ERIK DAVIS: Thanks for that question, Christian. And I'm really happy to be here, it's fun too. I've been really enjoying the series and I've thought about this problem a lot. I had the opportunity-- when I met Roland in a fairly informal situation in Baltimore in a crazy bohemian household, and that was all I was ready to ask in this experience. So I just kind of like cannoned it his way. I said, Look, look!
Your assessment of mystical experience rests on a set of questionnaires that have been developed within a certain framework that's historicized and we can locate in the middle of the 20th century that have these perennialist things. We can talk about stace, et cetera, et cetera. And this has really come under a lot of very interesting critical sort of processing-- if you will-- since then.
And there was a weird kind of like vague flutter in his eyes as if there was some kind of intuition that the question was worth just not really engaging. And he just said, Well, I don't really understand. We understand mystical experience, blah, blah, blah. And so I had a kind of visceral intuitive sense of the gap. Now to explain it, one answer is a boring if sad one which is just the general crisis of the humanities not only as an institutional force, some of which it owes itself some blame for, but also just the shift of our society, et cetera, et cetera.
And most of us kind of can plug in this particular issue in that larger framework. But I think there's something else going on that's more interesting and that is that you can think about one of the tensions between bioscience and the humanities as around this issue of constructivism. So the biosciences have to, at some level, be invested in the idea of objectivity and their ability to articulate the objectivity from the outside.
Whereas as humanists, we're used to thinking of things as being constructed over time and this leads to some of what I believe are the excesses of contemporary social constructivism. I'm not that kind of constructivist. I'm more of a latourian style where the models and processes, technologies, even nature itself is a kind of constructed sort of process. So it's not about just saying, Oh, we're all just telling the story socially. So that's sort of a general issue. If you look at the history of psychiatric syndromes, what do we see?
We see a constantly changing object of knowledge which has new symptomology, new explanatory regimes, new drug regimens associated with it over the last 100 and 150 years. Does that mean there's nothing there that's like schizophrenia? Of course not. Does that mean that schizophrenia is a moving target? It changes its expression as we change our models of it? Absolutely! To me, that's historically obvious and a hard-headed objective scientist should recognize that.
So that's just a general issue when we're dealing with-- let's call it the biology of consciousness or the biology of experiential phenomenology. But these matters are particularly heightened with psychedelics. Why? Because, as you've alluded to already, the issue is set and setting. My narratives, my expectations, as well as the queues and tales that are embedded in my environment, which is both the physical environment I'm in and the social matrix I'm in, those things actively produce and shape the phenomenology of any given trip.
That means that even if we can objectively measure mystical experience according to a six point survey based on the work of William Stace in 1950, whatever it was-- even if that thing is objectively true, the fact that I go into an experience with that as an expectation, not to mention being loaded with this idea that comes through contemporary psychedelic research and clinical research, especially that if I have a balls out unity experience, I'm going to get the goods.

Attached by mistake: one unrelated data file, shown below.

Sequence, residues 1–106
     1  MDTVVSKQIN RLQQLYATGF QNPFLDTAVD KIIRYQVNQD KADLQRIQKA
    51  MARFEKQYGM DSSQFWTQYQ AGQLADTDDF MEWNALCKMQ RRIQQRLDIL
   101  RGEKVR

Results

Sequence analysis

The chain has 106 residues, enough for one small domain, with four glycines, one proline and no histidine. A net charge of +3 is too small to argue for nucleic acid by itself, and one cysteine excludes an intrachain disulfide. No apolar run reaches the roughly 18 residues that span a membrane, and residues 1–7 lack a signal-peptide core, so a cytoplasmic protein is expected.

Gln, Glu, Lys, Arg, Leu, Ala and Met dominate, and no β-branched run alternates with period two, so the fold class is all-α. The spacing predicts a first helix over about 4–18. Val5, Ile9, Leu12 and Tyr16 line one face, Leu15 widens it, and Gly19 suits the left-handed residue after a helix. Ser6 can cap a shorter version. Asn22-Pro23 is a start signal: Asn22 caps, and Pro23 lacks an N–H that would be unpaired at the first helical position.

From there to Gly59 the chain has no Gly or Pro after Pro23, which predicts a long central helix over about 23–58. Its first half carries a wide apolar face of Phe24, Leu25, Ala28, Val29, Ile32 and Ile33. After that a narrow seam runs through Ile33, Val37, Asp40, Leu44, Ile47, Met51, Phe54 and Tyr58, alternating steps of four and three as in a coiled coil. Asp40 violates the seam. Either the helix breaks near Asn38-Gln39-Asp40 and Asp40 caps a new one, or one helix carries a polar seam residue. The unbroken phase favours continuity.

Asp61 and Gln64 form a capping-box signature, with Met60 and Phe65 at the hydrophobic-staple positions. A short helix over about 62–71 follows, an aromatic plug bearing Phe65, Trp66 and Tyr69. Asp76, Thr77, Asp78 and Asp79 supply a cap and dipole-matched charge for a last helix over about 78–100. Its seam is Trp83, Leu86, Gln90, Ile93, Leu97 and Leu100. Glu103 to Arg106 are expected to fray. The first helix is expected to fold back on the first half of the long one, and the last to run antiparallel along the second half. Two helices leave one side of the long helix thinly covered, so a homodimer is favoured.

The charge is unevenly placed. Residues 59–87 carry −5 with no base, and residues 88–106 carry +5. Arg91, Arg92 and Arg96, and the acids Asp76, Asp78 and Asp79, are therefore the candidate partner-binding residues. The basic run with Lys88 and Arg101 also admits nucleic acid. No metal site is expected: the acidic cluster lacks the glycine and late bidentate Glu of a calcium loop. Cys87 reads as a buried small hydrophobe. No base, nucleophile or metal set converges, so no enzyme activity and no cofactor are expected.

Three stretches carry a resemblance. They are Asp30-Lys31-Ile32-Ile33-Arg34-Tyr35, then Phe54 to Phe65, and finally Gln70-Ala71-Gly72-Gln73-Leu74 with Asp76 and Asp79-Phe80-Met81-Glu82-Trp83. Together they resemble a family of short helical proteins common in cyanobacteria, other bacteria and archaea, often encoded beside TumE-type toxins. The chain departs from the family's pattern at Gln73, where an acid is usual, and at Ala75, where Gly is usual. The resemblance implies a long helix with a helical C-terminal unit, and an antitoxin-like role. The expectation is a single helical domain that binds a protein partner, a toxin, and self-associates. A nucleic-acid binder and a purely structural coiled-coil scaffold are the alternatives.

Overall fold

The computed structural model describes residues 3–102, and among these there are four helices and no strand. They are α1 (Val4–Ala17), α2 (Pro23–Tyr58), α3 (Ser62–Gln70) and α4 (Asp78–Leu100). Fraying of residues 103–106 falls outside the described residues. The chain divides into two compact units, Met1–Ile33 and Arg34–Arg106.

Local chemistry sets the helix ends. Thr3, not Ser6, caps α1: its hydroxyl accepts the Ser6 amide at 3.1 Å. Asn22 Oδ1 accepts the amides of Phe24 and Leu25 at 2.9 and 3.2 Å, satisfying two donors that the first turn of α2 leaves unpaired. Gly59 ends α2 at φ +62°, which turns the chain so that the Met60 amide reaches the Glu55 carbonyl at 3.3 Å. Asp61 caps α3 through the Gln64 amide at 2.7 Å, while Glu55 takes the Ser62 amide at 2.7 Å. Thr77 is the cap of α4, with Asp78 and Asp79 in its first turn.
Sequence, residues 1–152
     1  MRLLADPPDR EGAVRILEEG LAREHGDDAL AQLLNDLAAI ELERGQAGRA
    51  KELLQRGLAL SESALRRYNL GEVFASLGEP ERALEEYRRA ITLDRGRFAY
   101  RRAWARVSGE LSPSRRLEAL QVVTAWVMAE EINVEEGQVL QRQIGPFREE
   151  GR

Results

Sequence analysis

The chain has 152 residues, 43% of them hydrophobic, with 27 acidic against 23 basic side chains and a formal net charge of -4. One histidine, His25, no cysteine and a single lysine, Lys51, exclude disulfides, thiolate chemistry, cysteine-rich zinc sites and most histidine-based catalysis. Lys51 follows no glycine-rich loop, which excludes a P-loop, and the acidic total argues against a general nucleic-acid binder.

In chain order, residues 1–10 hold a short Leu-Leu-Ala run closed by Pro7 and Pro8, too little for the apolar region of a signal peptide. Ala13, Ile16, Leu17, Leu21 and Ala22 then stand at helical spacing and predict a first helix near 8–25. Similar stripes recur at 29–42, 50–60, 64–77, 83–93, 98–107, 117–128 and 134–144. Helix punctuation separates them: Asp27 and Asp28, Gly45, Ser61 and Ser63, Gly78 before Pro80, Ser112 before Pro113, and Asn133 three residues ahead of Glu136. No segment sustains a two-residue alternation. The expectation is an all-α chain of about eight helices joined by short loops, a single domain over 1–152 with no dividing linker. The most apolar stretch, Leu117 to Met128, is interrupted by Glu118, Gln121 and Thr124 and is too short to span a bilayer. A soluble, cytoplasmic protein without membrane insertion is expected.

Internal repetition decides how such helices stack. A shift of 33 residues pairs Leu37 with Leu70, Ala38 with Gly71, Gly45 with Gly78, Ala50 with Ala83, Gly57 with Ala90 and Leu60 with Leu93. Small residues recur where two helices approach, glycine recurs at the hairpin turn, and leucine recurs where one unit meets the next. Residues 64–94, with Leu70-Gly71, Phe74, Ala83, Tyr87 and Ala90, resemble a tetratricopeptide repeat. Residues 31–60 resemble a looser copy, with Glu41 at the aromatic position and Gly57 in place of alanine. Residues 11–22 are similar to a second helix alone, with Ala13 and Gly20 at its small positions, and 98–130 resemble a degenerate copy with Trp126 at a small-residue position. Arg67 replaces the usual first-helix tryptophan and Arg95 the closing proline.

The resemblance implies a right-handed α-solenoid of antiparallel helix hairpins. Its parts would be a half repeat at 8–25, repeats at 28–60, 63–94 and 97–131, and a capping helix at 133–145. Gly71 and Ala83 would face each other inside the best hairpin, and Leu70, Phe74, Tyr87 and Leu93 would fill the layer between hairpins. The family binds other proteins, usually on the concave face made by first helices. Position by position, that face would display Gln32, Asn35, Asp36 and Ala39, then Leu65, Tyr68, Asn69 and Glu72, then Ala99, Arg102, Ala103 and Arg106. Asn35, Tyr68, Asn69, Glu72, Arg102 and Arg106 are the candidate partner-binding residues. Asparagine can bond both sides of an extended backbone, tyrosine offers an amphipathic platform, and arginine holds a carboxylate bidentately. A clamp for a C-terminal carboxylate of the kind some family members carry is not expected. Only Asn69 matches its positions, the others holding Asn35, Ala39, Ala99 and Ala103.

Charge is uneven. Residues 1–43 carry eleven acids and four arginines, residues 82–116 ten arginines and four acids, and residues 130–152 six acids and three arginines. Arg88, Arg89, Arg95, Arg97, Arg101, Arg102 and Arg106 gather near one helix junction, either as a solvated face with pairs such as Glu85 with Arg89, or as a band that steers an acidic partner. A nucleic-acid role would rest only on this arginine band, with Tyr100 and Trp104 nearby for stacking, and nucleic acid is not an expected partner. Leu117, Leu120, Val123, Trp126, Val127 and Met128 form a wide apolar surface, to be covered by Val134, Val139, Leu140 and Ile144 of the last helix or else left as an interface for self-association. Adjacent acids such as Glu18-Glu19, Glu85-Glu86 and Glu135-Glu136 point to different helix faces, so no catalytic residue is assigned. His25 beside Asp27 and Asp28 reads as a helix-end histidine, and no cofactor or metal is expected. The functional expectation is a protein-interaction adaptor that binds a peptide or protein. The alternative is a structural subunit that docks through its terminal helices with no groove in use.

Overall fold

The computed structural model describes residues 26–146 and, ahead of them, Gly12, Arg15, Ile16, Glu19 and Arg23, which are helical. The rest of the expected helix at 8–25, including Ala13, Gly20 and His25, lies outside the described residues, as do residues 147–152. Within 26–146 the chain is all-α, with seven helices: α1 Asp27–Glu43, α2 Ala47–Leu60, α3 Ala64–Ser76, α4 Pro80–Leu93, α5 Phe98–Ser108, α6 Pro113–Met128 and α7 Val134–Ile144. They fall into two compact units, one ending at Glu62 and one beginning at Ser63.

Those are ideas that I'm bringing in to my psychedelic experience, which then in turn produce part of its phenomenology. Not all of it, but a good part of it. So that whole strange loop, which even a hardhead like Sasha Shulgin-- who was very much a scientist, very much invested in scientific processes, objectivism, et cetera, et cetera.-- said, Look, you can't really do psychedelic science without breaking down the objective-subjective boundary and starting to play in a different way.
And my belief is that that "I believe" fact, that absolute condition that we cannot escape from is terribly threatening biosciences for reasons that are both-- in terms of their training and their worldview, but also institutionally. Their capacity to have the authority to state facts, et cetera, et cetera. And then letting in that looping constructivism into the back door is just very threatening.
But unless we start talking more, I'm afraid that we're at a bit of an impasse. And I don't think it's the humanities people that are maintaining the impasse, at least the ones whose critiques I'm most sort of familiar and interested in.
GARY LADERMAN: Me? Should I go? Yeah. I have a couple of comments. But first, I'm just really very honored to be here. I've heard some good things about Harvard, so this is a real [INAUDIBLE]. And certainly this series is absolutely fantastic, cutting edge. I don't know who came up with it, but it's rocking and rolling and it's where the field needs to go, I think.
Or one of the areas. So this is just great to be a part of, although, I don't know if I'm one of the distinguished panelists that keeps getting mentioned. Just a couple of comments, mysticism and the mystical experience-- yeah, I mean, it's so boring. Please, we've been there and let's find a new language and a way to talk about this.
So I have mixed feelings in a sense, because Roland Griffiths and Johns Hopkins is going to legitimize psychedelics. They're going to bring psychedelics and help the mainstream. And I think that's good and it should be interesting you know just to watch that unfold. The other thing too is just that I'm more positive about some of the kind of transdisciplinary, interdisciplinary work that can take place between people in humanities and people in sciences, for sure.